Why Houston Keeps Flooding; Meet Photo Blog Purple Time Space Swamp


Photo of I-45: Marc Longoria via Swamplot Flickr Pool


37 Comment

  • Apparently Purple Time Space Swamp was in my ‘hood yesterday.

  • The chron editorial and marketplace article really nail it.

    Houston mayors and council members like Brenda Starsig do the bidding of developers who give them campaign funds and who knows what under the table.

  • The good news is the data from the gauges on the streams are generating data that support the updated floodplain maps from the last 10 years.

    Large parts of the flooding are areas that are expected to flood in a 100-year and 500-year storms. The reality is life played out like the models predicted because they received 100-yr and 500-yr storms.

    Also, no flood reduction project will completely eliminate the floodplain and move it to within channel banks if they are out right now. It is cheaper to buyout homeowners and remove the residents from the floodplain all together.

    In addition, the amount of the rainfall also means there was structural flooding unrelated to riverine flooding. Again, the shear volume of rainfall will not get mitigated due to the extreme costs.

    Also remember, the metro is a huge area. All major flood events occur differently. Your area may fair good in this event and the next get hit. This means really dumb statements like “I didn’t flood in Allison” don’t mean anything. Allison flooded a smaller and different areas than this storm. Confluence areas (downtown) will always be targeted.

  • Houston floods because (a) it is more or less flat; (b) it rains, sometimes a lot at once; and (c) it is an urban area, with a lot of impervious surface, for better or worse. Let’s not overthink this folks.

  • Al, your statement is completely ignorant. Houston floods because developers don’t build detention anywhere. Corrupt council members and mayors allow them to build sky scrapers where previously there were only small strip centers. Developers raid TIRZ infrastructure funds for subsidies and leave them broke for drainage projects. Areas that never flooded started flooding in 2009, 2015 and 2016. We have had a 100 year flood and 500 year flood 11 months apart.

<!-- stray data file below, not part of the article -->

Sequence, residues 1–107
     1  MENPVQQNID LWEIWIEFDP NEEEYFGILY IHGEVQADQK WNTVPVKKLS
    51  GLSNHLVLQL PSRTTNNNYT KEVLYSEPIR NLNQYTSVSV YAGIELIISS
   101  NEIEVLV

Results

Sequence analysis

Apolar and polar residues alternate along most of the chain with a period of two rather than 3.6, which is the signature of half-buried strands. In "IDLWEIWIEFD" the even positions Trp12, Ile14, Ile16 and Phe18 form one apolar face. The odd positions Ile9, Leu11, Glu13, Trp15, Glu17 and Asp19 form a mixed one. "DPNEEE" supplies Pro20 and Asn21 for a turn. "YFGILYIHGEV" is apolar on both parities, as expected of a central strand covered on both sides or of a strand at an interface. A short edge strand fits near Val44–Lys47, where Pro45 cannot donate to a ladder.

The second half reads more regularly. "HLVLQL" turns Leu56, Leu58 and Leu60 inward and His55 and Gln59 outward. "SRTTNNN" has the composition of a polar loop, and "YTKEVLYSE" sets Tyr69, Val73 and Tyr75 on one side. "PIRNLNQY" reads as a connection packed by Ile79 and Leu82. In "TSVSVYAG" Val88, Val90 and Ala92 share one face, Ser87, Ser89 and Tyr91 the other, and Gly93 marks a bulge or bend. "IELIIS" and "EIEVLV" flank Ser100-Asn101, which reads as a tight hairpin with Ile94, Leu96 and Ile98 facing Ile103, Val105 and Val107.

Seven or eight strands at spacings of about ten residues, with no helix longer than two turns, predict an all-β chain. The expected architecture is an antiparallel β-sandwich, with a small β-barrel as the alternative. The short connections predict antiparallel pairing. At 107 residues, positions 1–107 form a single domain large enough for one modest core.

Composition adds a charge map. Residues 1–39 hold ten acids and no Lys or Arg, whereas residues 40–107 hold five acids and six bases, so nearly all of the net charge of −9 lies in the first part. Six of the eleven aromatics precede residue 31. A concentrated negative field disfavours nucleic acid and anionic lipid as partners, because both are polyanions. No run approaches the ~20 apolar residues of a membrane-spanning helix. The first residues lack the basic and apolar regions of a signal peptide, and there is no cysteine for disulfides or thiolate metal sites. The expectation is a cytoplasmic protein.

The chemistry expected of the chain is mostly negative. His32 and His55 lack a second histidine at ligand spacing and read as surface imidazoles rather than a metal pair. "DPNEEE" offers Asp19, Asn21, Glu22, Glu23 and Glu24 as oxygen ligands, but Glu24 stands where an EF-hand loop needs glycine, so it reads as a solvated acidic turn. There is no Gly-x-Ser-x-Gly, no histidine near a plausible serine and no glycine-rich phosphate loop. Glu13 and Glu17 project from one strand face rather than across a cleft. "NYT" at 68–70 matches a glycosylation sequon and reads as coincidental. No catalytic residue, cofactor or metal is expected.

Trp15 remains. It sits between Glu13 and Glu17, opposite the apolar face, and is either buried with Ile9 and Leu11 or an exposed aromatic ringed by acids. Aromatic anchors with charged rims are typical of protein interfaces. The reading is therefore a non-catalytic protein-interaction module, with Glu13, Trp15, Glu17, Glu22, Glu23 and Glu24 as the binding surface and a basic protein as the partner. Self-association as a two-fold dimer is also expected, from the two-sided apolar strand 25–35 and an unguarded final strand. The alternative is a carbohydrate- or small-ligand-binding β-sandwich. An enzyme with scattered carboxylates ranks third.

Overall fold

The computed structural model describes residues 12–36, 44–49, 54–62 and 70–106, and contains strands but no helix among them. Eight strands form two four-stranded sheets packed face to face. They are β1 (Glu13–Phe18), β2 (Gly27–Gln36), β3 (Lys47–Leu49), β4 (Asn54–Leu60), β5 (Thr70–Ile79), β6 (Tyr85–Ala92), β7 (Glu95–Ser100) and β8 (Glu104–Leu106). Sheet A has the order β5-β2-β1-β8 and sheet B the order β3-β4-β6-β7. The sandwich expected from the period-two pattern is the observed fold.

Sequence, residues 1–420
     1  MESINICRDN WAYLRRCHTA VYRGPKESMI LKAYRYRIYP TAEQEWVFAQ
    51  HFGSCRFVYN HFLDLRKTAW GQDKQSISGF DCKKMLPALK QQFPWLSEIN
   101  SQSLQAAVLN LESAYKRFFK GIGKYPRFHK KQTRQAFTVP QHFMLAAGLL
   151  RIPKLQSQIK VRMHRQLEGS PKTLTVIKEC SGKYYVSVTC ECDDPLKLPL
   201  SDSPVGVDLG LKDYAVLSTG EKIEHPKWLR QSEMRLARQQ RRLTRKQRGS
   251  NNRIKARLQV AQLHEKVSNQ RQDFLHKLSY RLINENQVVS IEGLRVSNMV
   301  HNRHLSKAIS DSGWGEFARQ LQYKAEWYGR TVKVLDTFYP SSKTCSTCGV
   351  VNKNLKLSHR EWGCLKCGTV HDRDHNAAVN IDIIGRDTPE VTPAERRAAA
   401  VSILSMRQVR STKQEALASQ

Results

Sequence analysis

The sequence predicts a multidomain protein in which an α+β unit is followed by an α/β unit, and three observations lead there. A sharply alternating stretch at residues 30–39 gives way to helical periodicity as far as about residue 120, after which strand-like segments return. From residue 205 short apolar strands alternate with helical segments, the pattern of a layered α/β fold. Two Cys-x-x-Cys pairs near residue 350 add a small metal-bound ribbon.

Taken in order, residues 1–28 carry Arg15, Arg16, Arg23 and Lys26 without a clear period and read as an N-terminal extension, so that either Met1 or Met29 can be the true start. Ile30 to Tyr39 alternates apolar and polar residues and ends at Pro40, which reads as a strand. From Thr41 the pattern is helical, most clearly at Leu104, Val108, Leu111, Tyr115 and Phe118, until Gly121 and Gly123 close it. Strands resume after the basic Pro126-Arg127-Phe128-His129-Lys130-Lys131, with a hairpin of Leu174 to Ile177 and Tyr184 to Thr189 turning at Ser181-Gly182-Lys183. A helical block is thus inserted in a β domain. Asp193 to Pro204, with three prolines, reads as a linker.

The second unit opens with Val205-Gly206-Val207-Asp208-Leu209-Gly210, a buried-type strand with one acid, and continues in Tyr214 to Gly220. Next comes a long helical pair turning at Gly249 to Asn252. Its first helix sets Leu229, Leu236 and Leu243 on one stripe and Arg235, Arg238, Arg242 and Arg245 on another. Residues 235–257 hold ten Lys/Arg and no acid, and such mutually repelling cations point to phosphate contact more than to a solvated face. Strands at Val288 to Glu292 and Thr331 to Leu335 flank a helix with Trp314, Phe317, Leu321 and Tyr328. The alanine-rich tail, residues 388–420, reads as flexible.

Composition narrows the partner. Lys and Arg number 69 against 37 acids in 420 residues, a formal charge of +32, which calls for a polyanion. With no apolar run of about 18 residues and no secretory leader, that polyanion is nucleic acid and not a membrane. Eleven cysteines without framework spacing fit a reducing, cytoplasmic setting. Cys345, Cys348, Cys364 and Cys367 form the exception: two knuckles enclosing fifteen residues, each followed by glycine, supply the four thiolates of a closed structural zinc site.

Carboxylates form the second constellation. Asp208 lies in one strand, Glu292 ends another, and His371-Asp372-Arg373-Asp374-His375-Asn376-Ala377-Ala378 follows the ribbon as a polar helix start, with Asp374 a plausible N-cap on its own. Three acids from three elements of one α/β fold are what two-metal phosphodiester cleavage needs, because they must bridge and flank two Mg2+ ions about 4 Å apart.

While your statement is completely ignorant, it’s important to address this and educate the masses.

  • Flooding, calling someone stupid is no way to prove your point. Besides, why are you so hell bent on blaming someone for the fact that water accumulated in an area with nowhere to go….. Like it’s been doing for millions of years all over the world.

  • Flooding,

    Developers do build detention.

    What we don’t do is force redevelopment to retroactively build detention for areas that was paved prior to development (i.e. Industrial site turns into commercial development). That is a little harder to implement because it may run a foul of some property rights issues and will lose in court.

    Regional detention is more effective than smaller onsite detention. An oddly enough, onsite detention can make some areas worse for flooding instead of better.

    Hopefully a large buyout of some of the flooded areas occurs leaving areas primed for regional storage.

    P.S. Regional storage also adds potential for parks and nature areas.

  • I wonder if any developments have looked into using porous asphalt. Seems like especially in lower density areas/strip malls/parking lots, that this could help mitigate some of the flooding.


  • I don’t understand the Houston Press’s insinuation that the delays in the repairs on the Barker and Addicks dams have somehow contributed to the flooding on Brays Bayou. First, those dams discharge into Buffalo Bayou, not Brays Bayou. Second, it is my understanding that these repairs will do nothing to increase the protective qualities or capacity of these dams, but are necessary to ensure that there is not a catastrophic failure.